Plymouth State University’s Meteorological program continues to garner national attention after several PSU students and staff made presentations at the annual American Meteorological Society (AMS) meeting in San Antonio, Tex.
Five PSU meteorology faculty and staff and 11 PSU meteorology students attended the week-long meeting in mid-January, making oral and poster paper presentations.
“This event provides a stage to highlight the abilities of our students and the research activity of our faculty and staff,” said Jim Koermer, director of PSU’s Judd Gregg Meteorology Institute. “It helps to foster possible future collaborations. It also provides us a forum to recruit potential graduate students.”
PSU undergraduate students attending the meeting included Bridget Bixby, Kristin Cummings, Heather Dinon, Elizabeth Dupont, Katie Francoeur, Laura Landry, Melissa Payer, Melissa Pierce, and Lindsay Tardif. PSU graduate students included Nicholas Webb and Melissa Wellman. PSU meteorology faculty and staff that accompanied the student contingent included Eric Hoffman, Lourdes Aviles, Sam Miller, Brendon Hoch, and Jim Koermer.
Members of the group presented three oral presentations and seven poster papers.
Elizabeth Dupont and Kristin Cummings worked with Jim Koermer this past summer at the Kennedy Space Center/Cape Canaveral Air Force Station and have been continuing the research as part of their senior project. They presented a poster paper at the AMS Student Conference and presented a more detailed oral presentation at a joint session of 16th Applied Climatology Conference and 14th Symposium on Meteorological Observation and Instrumentation. The session chairmen were so impressed with their presentation that they were going to recommend it for a student paper award.
Melissa Pierce, Laura Landry, Bridget Bixby, and Katie Francoeur discussed the development of air quality case studies that they assembled working this summer at PSU with PSU faculty. They were also co-authors with PSU faculty on a more detailed poster paper presented at the 9th Conference on Atmospheric Chemistry.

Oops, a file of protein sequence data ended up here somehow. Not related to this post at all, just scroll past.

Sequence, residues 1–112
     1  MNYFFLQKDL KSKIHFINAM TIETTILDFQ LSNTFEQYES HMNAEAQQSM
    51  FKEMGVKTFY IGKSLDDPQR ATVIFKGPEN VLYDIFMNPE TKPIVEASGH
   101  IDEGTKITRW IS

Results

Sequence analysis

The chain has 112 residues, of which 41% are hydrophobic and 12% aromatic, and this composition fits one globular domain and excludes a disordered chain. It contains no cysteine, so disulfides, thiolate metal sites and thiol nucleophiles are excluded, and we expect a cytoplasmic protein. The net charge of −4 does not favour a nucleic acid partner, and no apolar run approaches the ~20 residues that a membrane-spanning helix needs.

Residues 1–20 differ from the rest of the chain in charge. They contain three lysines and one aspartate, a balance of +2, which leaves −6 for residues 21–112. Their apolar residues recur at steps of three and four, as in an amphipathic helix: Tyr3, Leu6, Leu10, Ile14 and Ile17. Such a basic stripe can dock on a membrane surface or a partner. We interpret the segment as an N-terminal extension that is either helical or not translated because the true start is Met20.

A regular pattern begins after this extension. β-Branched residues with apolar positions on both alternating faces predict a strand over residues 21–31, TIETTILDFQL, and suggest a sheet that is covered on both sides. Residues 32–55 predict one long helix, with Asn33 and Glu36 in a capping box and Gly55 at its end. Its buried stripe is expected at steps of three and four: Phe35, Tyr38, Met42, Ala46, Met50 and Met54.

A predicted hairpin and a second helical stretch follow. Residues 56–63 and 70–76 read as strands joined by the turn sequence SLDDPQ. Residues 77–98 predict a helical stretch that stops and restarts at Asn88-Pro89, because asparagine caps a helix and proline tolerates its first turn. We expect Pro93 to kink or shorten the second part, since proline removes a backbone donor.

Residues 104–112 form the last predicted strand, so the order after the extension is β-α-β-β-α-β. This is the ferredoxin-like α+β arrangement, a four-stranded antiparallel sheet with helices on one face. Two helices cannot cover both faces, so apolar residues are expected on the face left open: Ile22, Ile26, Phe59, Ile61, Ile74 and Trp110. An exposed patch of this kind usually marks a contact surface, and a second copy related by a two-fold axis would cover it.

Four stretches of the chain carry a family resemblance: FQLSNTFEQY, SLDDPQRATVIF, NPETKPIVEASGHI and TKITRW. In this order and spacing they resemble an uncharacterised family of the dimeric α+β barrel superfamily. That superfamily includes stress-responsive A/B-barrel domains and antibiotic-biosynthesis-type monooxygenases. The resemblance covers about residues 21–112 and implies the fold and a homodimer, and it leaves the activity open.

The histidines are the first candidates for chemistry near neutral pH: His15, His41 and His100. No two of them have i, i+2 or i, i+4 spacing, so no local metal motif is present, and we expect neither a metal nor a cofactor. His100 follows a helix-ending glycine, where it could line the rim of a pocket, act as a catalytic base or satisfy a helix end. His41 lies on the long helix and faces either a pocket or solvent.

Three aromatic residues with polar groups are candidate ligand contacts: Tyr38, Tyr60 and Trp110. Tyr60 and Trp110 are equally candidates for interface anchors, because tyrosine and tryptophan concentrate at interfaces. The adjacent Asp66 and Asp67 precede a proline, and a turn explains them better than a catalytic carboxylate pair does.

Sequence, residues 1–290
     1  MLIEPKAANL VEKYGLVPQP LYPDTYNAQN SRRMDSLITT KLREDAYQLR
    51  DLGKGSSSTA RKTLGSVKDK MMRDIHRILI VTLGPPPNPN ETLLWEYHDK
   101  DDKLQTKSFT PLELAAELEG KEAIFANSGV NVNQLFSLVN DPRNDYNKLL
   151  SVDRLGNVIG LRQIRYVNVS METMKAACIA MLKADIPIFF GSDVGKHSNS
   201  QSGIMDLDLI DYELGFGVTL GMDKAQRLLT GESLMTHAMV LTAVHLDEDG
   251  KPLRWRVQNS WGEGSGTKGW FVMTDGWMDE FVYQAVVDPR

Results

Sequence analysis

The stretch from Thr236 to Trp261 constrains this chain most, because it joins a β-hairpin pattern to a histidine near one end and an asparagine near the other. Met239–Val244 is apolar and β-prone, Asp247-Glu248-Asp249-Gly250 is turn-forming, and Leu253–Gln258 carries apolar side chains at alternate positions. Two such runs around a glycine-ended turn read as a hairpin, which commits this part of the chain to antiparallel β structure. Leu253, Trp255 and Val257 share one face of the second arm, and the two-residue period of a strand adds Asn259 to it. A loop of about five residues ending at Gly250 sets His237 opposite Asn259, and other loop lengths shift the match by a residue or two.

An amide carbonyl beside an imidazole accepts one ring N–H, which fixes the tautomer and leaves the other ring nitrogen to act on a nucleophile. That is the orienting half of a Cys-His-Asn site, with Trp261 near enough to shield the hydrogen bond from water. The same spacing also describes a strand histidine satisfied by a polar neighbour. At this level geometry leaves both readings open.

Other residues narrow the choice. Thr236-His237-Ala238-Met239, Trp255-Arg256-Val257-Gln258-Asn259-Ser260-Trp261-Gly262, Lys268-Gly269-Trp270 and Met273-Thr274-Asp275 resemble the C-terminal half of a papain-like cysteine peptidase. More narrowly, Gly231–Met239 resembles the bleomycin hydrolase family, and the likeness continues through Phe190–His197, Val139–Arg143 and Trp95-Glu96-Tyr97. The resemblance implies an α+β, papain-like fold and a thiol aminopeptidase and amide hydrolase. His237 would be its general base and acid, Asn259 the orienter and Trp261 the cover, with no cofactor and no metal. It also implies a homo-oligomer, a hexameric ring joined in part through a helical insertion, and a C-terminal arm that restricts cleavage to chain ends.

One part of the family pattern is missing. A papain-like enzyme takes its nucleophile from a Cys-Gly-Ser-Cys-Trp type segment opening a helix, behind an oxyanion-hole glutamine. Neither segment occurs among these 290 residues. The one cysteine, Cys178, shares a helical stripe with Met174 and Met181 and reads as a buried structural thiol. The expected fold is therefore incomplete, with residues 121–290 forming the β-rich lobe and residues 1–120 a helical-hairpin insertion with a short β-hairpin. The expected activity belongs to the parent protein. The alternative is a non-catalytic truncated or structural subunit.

Brendon Hoch’s oral paper (Lourdes Aviles was a co-author) was on the use of Podcasts for disseminating real-time meteorological data and was presented at the 16th Symposium on Education. Lourdes Aviles also presented an oral paper at this symposium on her development of a severe weather course for non-majors.
Bridget Bixby and Eric Hoffman presented a poster paper, entitled “Weather Influences on Power Outages in New Hampshire: Development of a Web-Based Decision Making Tool,” which summarized their work for Public Service of New Hampshire.
Melissa Payer, a PSU junior, was a co-author of a paper that investigated Lake Champlain lake-effect snow systems from a summer research program in which she participated at Hobart and William Smith College.
Brendon Hoch and Jim Koermer’s poster paper with two N.H. Department of Transportation co-authors won an award for one of the best posters at one of the conferences. The AMS Chapter poster won third place among chapter posters.
“Very few undergraduate students get to present papers and posters at major scientific conferences,” said Koermer. “Students also get to meet representatives from various graduate programs and potential employers. They have the opportunity to see and hear the latest scientific information in their discipline and see how technology is exploited to expand knowledge. The AMS also hosts a special Student Conference that lets them make contacts with many top professionals in the field and they receive overviews of recent developments and job prospects.”
The Judd Gregg Meteorology Institute is home to all educational and research activities relating to atmosphere and weather at Plymouth State University. The Institute’s outreach extends well beyond the state of New Hampshire, since the Institute routinely handles requests for information from all over the nation and the world. JGMI houses the Plymouth State Weather Center, one of the most sophisticated weather centers in the country, and also contains some outstanding state-of-the-art meteorological equipment. Its Web site routinely has well over 500,000 accesses per week and during active tropical events has received over one million hits in a 24-hour period.
For more information, contact Bruce Lyndes, PSU Media Relations Mgr., 603-535-2775